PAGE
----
This collapse of normal boundaries remains a feature of Allan's work into the present. Her recent exhibitions - Sunlight and Shadow at Helen Maxwell Gallery, Canberra (April 2008), and Inner Weather at the Tin Sheds, Sydney (July/August 2008) - continued to explore the flux between the real and the felt, the material and the immaterial.
The interplay between the material and the immaterial is of particular contemporary interest, bound up as it is with the visual vocabularies of abstraction and representation. In Allan's work the relationship of these modes is interrogated with real if deceptive rigour. Allan's conceptualisation of her practice is indivisible from the media in which she works. For Allan:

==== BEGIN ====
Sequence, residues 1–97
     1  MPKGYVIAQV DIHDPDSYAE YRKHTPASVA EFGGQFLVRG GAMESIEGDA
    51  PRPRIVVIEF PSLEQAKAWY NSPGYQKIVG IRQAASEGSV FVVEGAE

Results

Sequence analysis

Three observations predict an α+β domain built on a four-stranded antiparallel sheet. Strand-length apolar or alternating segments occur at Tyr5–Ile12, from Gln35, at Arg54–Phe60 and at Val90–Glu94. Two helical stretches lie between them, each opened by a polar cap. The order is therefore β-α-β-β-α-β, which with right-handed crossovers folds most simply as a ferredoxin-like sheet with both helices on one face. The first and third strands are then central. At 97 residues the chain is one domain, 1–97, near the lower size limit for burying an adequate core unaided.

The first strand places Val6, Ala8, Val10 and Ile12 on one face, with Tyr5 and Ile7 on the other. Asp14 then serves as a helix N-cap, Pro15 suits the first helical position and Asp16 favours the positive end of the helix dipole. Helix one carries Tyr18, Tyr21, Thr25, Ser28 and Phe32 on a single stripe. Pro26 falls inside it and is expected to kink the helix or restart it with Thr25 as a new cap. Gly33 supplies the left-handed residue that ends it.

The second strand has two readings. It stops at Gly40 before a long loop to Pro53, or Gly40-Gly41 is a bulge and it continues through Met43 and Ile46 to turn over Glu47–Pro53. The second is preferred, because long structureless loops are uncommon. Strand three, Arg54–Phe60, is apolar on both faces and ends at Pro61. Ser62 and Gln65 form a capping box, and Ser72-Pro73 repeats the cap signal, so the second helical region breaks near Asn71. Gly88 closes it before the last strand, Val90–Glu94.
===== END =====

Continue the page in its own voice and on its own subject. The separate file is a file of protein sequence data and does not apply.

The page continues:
The materiality of the paint, pencil, pastel or engraved line is central and definitive, whether used thickly or thinly, intricately or in bold sweeps. Content arises out of this materiality, and helps take it beyond both idea and story.2